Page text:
Feel good about planting hollies. Not only do they provide great winter color, they help sustain birds and wildlife. Folklore has it that they’ll even ward off evil spirits, which is always helpful at the holidays or any time.
Indoor air pollution can make your life miserable. Luckily, there’s a wide variety of air purifiers to help you get the pollen, dust and smoke out of your living room. Here are our six choices to help you find the air purifier that works for you.
Bamboo, that renewable, quick-growing wood that’s really a grass, has been expanding across product lines, turning up on floors, in furniture, and towels. But let’s get back to where we started: Bamboo works great in the kitchen. Remember those bamboo salad bowls? They’re still around, but there are many more ways attractive, durable bamboo is being tapped for kitchen ware.
Our tired plain concrete patio becomes a testing ground for an eco-friendly make-over using soy- and water-based stains, sealers and etchers that we found at Tree House in Austin. See how the project came out!
Molly Earley Callahan didn’t set out to have a green wedding. She just wanted a casual but memorable affair, a special day filled with light and color, and happy relaxed guests.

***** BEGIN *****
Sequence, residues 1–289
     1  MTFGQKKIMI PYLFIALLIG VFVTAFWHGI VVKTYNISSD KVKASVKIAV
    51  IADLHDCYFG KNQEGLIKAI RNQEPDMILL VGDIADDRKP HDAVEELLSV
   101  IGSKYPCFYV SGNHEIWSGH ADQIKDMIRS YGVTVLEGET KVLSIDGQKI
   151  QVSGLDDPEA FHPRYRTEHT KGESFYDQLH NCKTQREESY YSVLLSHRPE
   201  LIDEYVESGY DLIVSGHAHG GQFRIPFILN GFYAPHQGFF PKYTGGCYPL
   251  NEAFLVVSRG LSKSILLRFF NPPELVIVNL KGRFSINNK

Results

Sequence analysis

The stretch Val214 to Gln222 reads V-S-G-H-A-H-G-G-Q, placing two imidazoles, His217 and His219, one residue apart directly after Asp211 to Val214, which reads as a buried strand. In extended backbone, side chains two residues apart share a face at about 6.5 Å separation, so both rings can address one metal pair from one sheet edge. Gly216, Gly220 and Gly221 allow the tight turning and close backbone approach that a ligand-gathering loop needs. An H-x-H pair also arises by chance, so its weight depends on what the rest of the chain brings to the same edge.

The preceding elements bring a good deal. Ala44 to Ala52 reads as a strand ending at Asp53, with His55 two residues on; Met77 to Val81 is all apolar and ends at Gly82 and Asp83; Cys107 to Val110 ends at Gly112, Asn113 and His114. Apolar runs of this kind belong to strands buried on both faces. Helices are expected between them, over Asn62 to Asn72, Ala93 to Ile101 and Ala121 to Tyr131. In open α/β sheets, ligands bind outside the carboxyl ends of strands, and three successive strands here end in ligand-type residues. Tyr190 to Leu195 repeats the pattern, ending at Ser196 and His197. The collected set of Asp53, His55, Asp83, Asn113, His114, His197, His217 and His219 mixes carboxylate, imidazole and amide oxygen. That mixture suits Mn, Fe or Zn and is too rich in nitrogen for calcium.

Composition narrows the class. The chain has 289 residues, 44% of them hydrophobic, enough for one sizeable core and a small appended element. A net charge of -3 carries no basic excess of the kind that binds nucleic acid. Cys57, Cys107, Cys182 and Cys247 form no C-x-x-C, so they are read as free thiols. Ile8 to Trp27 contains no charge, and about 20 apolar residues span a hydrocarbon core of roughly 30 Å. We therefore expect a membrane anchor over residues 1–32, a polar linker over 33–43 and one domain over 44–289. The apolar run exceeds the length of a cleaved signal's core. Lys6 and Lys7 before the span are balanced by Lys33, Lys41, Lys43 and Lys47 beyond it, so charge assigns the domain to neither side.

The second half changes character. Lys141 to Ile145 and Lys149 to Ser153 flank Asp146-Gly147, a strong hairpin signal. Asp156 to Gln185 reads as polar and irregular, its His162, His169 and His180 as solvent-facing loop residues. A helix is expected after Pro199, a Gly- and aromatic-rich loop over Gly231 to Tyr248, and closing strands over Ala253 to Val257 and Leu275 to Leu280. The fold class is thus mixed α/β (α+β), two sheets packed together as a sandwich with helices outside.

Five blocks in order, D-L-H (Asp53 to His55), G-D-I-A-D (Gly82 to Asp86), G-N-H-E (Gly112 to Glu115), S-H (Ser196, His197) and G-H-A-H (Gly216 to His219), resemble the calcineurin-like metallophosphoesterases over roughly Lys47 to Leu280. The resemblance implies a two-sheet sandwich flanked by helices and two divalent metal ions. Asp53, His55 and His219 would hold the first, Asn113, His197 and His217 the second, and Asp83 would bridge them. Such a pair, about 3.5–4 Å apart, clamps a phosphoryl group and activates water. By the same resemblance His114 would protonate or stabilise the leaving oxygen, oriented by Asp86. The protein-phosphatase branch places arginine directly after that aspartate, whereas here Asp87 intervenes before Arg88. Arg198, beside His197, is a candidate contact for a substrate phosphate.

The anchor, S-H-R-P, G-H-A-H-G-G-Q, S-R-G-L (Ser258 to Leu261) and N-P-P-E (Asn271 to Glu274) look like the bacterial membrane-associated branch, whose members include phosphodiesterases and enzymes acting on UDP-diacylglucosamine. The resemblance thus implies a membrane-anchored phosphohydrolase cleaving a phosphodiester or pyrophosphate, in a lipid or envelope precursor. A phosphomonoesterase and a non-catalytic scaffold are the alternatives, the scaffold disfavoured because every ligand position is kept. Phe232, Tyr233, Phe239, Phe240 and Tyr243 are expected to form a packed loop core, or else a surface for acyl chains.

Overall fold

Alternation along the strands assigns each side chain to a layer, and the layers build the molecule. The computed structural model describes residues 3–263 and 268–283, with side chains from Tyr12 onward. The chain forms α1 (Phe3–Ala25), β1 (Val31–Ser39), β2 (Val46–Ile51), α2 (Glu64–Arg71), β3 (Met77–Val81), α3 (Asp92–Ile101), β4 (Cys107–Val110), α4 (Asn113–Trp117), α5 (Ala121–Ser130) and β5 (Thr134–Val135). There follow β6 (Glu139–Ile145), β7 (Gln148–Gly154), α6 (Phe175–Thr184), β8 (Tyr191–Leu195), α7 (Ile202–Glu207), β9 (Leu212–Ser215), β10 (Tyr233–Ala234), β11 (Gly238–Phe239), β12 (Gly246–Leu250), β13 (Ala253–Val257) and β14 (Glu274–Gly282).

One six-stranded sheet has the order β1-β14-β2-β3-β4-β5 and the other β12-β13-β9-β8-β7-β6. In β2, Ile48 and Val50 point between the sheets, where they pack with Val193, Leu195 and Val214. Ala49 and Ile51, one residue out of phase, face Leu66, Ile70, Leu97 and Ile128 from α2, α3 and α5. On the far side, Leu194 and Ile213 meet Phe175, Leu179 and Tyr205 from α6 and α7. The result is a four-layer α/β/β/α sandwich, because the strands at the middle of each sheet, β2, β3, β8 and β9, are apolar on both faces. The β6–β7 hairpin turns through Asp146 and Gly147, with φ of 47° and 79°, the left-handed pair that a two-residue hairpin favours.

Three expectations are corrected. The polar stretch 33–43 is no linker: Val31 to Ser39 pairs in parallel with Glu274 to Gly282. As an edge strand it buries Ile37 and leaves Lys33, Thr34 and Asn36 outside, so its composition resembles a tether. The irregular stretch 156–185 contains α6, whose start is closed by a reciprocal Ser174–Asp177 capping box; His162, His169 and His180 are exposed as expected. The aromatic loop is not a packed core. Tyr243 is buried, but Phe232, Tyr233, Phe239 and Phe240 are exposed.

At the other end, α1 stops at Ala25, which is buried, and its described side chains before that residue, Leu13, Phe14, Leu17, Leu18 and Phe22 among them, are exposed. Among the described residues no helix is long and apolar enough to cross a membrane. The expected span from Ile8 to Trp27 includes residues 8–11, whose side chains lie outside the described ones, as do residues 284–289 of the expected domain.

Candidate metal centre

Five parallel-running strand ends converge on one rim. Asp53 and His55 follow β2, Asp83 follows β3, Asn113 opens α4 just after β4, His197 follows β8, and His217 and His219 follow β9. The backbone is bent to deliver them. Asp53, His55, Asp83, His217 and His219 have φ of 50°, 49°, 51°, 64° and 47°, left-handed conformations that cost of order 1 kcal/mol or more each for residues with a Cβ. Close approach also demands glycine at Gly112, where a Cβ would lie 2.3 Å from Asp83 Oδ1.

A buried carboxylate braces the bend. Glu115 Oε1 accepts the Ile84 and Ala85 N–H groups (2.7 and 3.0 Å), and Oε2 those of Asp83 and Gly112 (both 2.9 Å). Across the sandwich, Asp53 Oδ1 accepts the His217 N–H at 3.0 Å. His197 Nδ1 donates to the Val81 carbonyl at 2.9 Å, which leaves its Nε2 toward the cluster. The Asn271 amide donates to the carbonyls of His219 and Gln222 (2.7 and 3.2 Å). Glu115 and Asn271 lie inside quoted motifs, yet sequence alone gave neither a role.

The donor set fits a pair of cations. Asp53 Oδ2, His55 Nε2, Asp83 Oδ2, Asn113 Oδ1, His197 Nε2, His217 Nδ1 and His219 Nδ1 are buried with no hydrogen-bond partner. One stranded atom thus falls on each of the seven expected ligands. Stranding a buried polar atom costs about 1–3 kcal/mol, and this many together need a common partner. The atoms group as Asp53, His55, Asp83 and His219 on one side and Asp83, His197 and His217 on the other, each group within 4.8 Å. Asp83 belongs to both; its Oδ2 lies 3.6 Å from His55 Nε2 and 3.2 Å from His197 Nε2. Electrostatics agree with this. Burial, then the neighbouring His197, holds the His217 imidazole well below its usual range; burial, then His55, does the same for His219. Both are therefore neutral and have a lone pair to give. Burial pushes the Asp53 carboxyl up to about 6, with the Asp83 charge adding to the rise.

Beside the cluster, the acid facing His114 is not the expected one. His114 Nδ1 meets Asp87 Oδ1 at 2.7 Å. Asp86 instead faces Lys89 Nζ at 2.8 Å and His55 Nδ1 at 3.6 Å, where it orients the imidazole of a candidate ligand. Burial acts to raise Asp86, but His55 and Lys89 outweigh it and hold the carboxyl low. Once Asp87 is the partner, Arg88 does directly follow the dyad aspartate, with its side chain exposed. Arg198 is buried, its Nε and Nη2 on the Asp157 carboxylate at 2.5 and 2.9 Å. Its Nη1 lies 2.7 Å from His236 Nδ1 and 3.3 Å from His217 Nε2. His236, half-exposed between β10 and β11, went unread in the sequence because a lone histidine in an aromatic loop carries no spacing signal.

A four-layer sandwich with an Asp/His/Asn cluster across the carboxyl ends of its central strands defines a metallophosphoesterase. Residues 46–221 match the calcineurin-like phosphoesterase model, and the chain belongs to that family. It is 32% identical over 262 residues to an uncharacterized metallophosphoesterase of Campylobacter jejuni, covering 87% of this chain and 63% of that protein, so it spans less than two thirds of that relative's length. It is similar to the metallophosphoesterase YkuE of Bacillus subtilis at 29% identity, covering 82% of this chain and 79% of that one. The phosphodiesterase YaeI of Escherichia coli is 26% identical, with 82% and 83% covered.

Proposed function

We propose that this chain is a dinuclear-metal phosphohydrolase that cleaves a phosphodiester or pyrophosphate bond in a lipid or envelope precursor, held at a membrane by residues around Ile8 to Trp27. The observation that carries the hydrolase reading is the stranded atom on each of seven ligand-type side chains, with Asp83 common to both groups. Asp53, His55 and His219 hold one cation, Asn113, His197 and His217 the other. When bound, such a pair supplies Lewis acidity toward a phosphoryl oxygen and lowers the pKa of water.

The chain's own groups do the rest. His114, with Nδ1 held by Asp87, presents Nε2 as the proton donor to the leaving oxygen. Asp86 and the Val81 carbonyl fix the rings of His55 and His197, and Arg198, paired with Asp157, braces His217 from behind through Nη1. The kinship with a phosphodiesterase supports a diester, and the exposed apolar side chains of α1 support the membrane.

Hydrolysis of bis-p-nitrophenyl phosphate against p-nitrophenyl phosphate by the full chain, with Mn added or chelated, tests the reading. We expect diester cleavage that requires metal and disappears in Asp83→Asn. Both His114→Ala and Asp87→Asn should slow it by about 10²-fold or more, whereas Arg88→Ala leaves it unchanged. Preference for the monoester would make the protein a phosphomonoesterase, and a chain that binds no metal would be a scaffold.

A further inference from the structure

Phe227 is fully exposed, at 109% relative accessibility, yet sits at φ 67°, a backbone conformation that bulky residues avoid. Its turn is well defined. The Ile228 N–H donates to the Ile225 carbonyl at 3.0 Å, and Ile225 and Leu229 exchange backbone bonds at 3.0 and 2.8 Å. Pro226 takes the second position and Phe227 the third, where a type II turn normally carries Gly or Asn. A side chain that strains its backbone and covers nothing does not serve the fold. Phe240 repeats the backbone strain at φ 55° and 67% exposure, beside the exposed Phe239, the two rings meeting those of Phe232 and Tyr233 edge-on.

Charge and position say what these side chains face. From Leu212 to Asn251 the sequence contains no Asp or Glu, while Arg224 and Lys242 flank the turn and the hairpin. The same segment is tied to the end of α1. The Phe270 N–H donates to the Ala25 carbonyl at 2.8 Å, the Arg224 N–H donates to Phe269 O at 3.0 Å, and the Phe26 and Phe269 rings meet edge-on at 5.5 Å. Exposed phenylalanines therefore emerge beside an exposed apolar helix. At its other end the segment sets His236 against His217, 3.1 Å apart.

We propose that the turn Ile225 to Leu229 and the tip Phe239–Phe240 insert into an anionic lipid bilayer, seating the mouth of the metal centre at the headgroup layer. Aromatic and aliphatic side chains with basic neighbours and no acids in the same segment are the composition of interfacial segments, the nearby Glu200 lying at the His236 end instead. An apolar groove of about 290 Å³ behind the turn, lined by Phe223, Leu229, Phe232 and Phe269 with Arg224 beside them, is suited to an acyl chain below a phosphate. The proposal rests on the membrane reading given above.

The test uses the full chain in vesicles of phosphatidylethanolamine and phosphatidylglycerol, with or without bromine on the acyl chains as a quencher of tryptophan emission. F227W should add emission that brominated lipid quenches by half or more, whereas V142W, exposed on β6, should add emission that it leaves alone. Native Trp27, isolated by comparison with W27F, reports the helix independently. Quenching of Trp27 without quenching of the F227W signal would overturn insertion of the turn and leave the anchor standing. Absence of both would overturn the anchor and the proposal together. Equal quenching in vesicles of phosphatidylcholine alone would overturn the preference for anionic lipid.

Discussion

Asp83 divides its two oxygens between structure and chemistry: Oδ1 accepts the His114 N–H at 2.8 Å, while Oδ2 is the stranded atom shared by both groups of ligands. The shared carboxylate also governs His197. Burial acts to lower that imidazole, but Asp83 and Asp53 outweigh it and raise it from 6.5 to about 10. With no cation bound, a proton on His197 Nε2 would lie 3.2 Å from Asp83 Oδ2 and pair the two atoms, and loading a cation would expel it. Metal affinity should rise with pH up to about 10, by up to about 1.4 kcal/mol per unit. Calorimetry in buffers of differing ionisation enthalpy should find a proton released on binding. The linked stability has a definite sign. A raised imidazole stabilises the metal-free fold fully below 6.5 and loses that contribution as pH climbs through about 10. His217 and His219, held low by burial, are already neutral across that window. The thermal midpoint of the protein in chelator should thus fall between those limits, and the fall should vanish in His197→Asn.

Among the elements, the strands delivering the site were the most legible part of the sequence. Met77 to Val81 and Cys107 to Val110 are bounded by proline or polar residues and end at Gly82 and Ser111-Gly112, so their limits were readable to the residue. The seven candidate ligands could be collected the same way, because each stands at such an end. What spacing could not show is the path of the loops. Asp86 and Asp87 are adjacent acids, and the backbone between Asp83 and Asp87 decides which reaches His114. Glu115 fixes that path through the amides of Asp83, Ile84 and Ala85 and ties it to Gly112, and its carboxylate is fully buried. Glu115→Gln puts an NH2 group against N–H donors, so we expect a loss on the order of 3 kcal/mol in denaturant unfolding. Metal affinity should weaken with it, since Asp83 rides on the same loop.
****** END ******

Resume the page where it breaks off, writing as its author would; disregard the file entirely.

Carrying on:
Like all brides, she wanted good memories for herself and her groom, Dan Callahan, the wedding party and guests. She also didn’t want anyone to “break the bank” trying to dress for the day.
As we get ready for the spring garden, there’s plenty to do. We need to weed, compost and ready the beds. Inside, we’ve got seedlings we’re nursing along.
Yesterday, we began casting about for containers both for the larger seedlings and for herbs we may grow outside, which reminded me that we’ve seen a lot of cool re-purposing of containers for plants.
Here an old wash basin has been appropriated. We saw this outside an antique shop in the Midwest while on vacation last summer.
With the stricter light bulb standards beginning their phase-in this month, consumers will find many illuminating ways to cut their electricity use.
The new, energy-saving bulbs are the result of a 2007 mandate passed by Congress and signed by George W. Bush that light bulbs be made 25 percent more efficient. That has resulted in a renaissance of new bulbs that meet and exceed this threshold, a technology change that was already underway in 2007 and welcomed by the lighting industry and energy conservationists.
This holiday season millions of people will be surprised by their loved ones with new smart phones, game consoles, lap tops, DVRs and televisions and a gazillion other electronic gadgets.
Americans, especially, who bought $11.4 million in electronics just over the Black Friday weekend, are hopelessly in like with their computerized convenience items, gaming equipment and ever-expanding retinue of TVs.
But with the joy of ringing in the new, comes a new responsibility to not trash the old – especially when it comes to electronics.
Forgotten about green building during the economic swoon of the last two years? Rising energy costs and static incomes make it more important than ever as consumers look for added value and long-term energy savings.